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Virginia Hammerness

“The most important thing is to find a cure for hemophilia,” she says emphatically. “There’s going to have to be a lot of research. It’s a very difficult illness. It will be a huge medical milestone to find a cure. That’s why I give.”
Virginia Hammerness

The Big Rock, and the Hammerness

“So many people feel like they’ve been hit in the head with a big rock when they find out that someone has hemophilia,” says Virginia Hammerness.  But even today, she finds that “a lot of people don’t pay attention to their disease.”  That surprises her, but she’s also found that it has nothing to do with their education, or their means.

“I had a cousin…I lost track of her.  Her parents didn’t do anything about her hemophilia.  She was in a wheelchair by the time she was a teenager,” Virginia recalls. She also remembers a little boy whom she taught years ago, when her own children were young.  “I think the family was transient.  It was clear that they didn’t have much,” she remembers.  “When I told them there was something they could do for all his terrible bruises, the mother replied ‘he seems to be okay,’ and didn’t take much interest.”  It was an upsetting moment.  Not long later they moved on.

For Virginia, hemophilia has been part of life since birth.  She could see it in her family nearly every day.  “Father had hemophilia bad,” she remembers.  “When he had transfusions, there was a screen between him and the donor so they didn’t know who it was on the other side.”

It’s easy for Virginia to trace the disease for at least a couple of generations back – to an immigrant grandmother – and into the future, to her son.

Her grandfather – the remarkable A.P.Giannini, founder of Bank of America, had eight children, only three of whom survived to adulthood. All of them had hemophilia, including her father – A.P.’s second son, Lawrence.

For her part, Virginia has two boys – the oldest, Philippe, who does not have the disease, and her son, Lawrence, who does.

“When you have hemophilia in your family like we did, you have your children tested,” Virginia reminds us.  “Lawrence was born in the early 1960s and was tested by the time he was 18 months.”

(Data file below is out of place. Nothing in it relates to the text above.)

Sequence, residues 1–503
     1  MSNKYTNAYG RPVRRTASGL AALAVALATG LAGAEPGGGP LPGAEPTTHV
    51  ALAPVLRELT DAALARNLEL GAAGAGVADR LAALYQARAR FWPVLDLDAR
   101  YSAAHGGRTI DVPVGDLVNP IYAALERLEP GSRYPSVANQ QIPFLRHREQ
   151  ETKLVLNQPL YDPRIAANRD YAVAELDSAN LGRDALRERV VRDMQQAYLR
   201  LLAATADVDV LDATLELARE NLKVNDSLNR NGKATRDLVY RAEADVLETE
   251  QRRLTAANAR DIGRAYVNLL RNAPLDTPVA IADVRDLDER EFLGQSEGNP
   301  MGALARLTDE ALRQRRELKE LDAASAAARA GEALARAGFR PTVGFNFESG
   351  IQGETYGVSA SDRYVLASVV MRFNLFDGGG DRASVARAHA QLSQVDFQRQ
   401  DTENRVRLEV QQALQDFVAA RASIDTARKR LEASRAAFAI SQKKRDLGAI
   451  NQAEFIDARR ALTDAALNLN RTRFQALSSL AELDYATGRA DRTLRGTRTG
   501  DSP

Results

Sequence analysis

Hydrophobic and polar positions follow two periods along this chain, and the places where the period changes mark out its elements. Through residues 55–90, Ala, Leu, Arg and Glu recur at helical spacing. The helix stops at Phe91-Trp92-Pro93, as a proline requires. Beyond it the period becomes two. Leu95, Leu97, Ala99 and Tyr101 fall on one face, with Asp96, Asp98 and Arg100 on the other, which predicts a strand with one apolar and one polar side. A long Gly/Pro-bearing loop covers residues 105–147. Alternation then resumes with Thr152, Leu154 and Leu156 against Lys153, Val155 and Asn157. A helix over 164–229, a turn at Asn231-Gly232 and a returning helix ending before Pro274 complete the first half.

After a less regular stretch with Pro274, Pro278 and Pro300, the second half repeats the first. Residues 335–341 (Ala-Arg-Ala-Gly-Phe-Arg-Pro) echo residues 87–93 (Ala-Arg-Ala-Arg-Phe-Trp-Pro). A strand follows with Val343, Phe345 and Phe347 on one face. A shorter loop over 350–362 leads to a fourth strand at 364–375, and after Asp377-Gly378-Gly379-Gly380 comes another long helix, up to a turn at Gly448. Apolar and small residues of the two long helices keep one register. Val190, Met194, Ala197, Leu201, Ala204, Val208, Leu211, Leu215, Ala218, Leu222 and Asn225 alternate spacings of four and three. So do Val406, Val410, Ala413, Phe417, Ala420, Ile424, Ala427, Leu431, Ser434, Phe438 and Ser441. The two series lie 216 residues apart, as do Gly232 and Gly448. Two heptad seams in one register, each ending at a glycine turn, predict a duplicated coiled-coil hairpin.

Like any child, Lawrence could be a handful.

Virginia remembers one Christmas very distinctly.  He hit his two front teeth and blood started oozing out.  He was taken to children’s Hospital in Los Angeles and stayed over the entire holiday.  They couldn’t get the bleeding to stop, so they kept him at the hospital.  Virginia was told by the doctors that she shouldn’t come in because it would make Lawrence homesick.  “I stayed away so long, the nurses started to wonder whether I cared about him!” she smiles.  “When I got there, he was pumped so full of plasma that his body looked like a balloon.  At that point, they were afraid he was going to have a heart attack.” Luckily, he didn’t, and even better… today’s treatments are vastly improved.

But Larry didn’t stop his doctors from getting a heart flutter now and then.  As a child, Larry loved skiing.  Today, it’s surfing – which leads to injuries, even now.  “His doctors are always very concerned for him,” Virginia says.

In the early 1960s, and even today, hemophilia treatment takes a family’s full attention.  Larry was lucky that his dad could offer some help.  “My husband, Philippe, was in the Navy Medical Corps during Korea,” Virginia reports.  “So he was able to give Larry infusions.” But the technology of the time proved difficult.  The blood for transfusions had to be kept cold so it didn’t spoil…and since the blood was so cold, the glass syringes would freeze, causing the blood to freeze in the syringe.  “He would use five or six syringes in a session,” Virginia says.  “Plastic syringes were just coming onto the market, and Larry was one of the first patients to use them.” Something as simple as a plastic syringe was a major help for Larry, and everyone since.

While she struggled at the time like anyone whose child had hemophilia, one of the advantages of being a granddaughter of A.P. Giannini was meeting some of the people who made strides in hemophilia research, like Judith Graham Poole.

“Judith Graham Poole was very caring and intelligent.  She was also very down to earth and concerned about the people she was working to help.  Being a woman, and a PhD rather than an MD, meant that many in the medical community at the time did not take her as seriously as they could have.  She invented cryoprecipitate, which was a godsend.  It meant that we could travel.”

Virginia’s father instilled in her a love for travel.  “Father loved to see things that were unusual.”  She did the same for her kids.  “I don’t think they appreciated it so much,” she says with a smile.

It was 1964 when Poole’s Bank of America-funded-research was published.  But her father and grandfather had passed away more than a decade before.  “I’m sure they would have been proud,” Virginia says with certainty.

I’m not sure when I heard of NHF,” Virginia confesses.  “It was probably from one of the doctors or nurses around when Larry was diagnosed.”  When he was a child, Virginia had no idea that there was a burgeoning network of other hemophilia patients.  Today she certainly does.

“I tell anyone with the disease that NHF is who they need to contact. They’re on top of any hemophilia research.  They know where to tell people to get help,” she says.

 “The most important thing is to find a cure for hemophilia,” she says emphatically.  “There’s going to have to be a lot of research.  It’s a very difficult illness.  It will be a huge medical milestone to find a cure.  That’s why I give.”